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Africa Water Stewardship Scholarship quenches thirst for knowledge

Cliff Nyaga is a beneficiary of The Coca-Cola Company funded Africa Water Stewardship Scholarship, which funds his place on the MSc in Water Science, Policy and Management, class of 2012/2013. He reports on his first term studying at Oxford University’s School of Geography and the Environment.

12 December 2012, by Cliff M. Nyaga

As the first Africa Water Stewardship Scholar, I arrived in late September, tired but excited for the year ahead studying at Oxford University. The characteristic cold and grey British weather was a bit of a shock but was compensated for by the timeless elegance of the university colleges. Everything seemed quieter and more orderly than where I come from back home in Nairobi, Kenya.

The course started with meeting the 26 other students from 16 different countries on a fascinating residential field trip to Dorset and the Jurassic Coast. We got to know each other and the teaching staff over the weekend while studying various aspects of catchment management and the chalk aquifer system. The staff took us to a local pub where I got my first taste of English beer. Chat over a beer with my teacher? A first, but not bad experience!

Term started gently but then soon accelerated with intense academic activity, centred around taught modules on global water issues including water security, health and policy. There was much for me to work on, learn about, questions to ask and discussions to have. I was left wishing I had much more time. Field study trips in addition to rich study and research resources exposed me to new approaches to understanding and managing water issues and have also made me a better thinker. One highlight was visiting a green wastewater treatment plant at Wessex, where virtually ‘nothing is wasted’.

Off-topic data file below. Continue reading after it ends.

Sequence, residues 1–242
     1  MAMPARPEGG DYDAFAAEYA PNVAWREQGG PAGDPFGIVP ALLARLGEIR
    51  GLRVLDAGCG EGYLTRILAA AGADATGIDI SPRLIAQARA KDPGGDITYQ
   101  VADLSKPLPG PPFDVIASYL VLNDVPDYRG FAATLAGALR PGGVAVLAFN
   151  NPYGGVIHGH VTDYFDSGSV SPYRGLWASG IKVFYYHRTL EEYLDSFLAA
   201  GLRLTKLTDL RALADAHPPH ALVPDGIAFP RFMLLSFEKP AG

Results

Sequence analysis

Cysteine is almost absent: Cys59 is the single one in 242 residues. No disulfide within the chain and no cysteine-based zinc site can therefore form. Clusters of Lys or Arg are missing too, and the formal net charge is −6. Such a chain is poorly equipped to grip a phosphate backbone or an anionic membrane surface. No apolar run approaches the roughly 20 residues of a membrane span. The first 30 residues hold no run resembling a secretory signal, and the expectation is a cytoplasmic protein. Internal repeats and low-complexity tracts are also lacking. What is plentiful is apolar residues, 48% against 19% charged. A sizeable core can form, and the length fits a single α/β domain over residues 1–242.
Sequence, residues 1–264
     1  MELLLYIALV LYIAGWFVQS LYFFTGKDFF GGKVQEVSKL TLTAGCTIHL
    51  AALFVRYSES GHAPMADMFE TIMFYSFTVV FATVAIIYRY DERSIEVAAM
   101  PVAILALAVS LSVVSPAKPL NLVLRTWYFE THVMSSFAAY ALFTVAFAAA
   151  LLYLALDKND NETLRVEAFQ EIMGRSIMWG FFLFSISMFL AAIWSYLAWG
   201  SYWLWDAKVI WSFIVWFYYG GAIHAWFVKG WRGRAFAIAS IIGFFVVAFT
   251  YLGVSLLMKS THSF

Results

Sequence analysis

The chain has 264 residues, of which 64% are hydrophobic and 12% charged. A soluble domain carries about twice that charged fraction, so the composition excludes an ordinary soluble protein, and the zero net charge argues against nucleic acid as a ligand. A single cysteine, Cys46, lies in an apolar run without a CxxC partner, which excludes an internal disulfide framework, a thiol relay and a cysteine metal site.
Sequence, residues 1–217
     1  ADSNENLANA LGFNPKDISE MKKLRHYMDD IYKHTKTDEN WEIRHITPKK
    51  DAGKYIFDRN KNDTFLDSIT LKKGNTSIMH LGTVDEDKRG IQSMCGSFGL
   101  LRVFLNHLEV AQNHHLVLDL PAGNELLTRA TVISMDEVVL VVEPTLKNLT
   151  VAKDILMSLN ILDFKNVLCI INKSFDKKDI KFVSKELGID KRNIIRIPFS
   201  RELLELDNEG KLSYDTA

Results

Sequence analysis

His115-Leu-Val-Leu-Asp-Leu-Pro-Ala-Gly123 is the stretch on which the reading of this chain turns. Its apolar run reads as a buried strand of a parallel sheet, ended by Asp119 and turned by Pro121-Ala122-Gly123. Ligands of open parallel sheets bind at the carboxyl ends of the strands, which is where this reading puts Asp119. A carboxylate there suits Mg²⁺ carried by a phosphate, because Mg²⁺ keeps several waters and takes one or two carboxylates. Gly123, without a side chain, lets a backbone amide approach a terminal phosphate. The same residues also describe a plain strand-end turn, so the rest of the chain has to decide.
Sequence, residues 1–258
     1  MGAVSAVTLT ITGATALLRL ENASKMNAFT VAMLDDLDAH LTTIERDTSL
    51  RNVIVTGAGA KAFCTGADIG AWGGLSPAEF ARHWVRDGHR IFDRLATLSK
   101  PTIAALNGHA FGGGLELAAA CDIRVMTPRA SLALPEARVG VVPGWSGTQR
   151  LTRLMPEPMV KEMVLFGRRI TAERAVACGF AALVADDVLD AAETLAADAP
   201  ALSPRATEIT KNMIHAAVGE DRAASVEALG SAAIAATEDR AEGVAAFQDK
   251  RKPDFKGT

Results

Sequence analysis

Not a week goes by in which I don’t attend a lecture from a visiting dignitary, or participate in debates and seminars that involve professionals working in the water sector. And when it’s time for a break from study, it’s easy to take a relaxing park stroll or hop on the bus and visit villages near Oxford (my favourite has been Burford, a village made of stone). A boat ride down the Thames in London was an unforgettable experience.

A great aspect of the scholarship is that I have been able to interact with key people at The Coca-Cola Company to develop a research dissertation on water sustainability. This has been an invaluable learning experience and allowed me to gain a greater understanding of their Replenish Africa Initiative (RAIN) programme in Africa. We have some interesting ideas which I will be developing over the winter break. When I say ‘break’, this is a bit of euphemism as the work continues with various assignments and readings, including preparation for next term. I have been dying to experience snow for the first time so hopefully this will provide an exciting interlude to my studies!

While working with communities on water supply back in Kenya, I had a strong desire to develop solutions for the challenges encountered and learn how Europe was able to overcome such problems and achieve its high level of water resource development. In this respect, Oxford is providing me with a firm foundation. I am learning from distinguished teaching staff with extensive experience in policy and practice, most interestingly on how to formulate cutting-edge solutions to water challenges facing Africa. When I return to Africa, I will take this knowledge with me. I look forward to making a positive difference in addressing the water challenges my continent faces.

This is the first in a three-part blog series. Read Cliff’s second and final blogs.

 

Oxford water alumna features in Financial Times magazine

Kelsey Leonard, who last month received an MSc in Water Science, Policy and Management, featured in the Financial Times Magazine on 24 November 2012.

In September Kelsey became the first Native American woman to be awarded a degree from Oxford Unviersity. She is an enrolled member of the Shinnecock Indian Nation of Southampton, New York.

A photo of Kelsey simling in her graduating gown proudly clutching her mortar board was published in the Financial Times magazine. It appeared alongside an interview with Uganda’s first female university graduate, Sarah Ntiro, who also studied at Oxford University in the 1950s.

In an interview with the Oxford Student Online, Kelsey called her time at Oxford “a unique experience” where she enjoyed “meeting graduate students from around the world and being taught by a faculty at the cutting edge of research in environmental science”.

The MSc in Water Science, Policy and Management attracts a diverse range of UK and international students each year. The current 2012/2013 group includes 27 students from 17 countries.

Strong presence of Oxford alumni at World Water Week 2012, Stockholm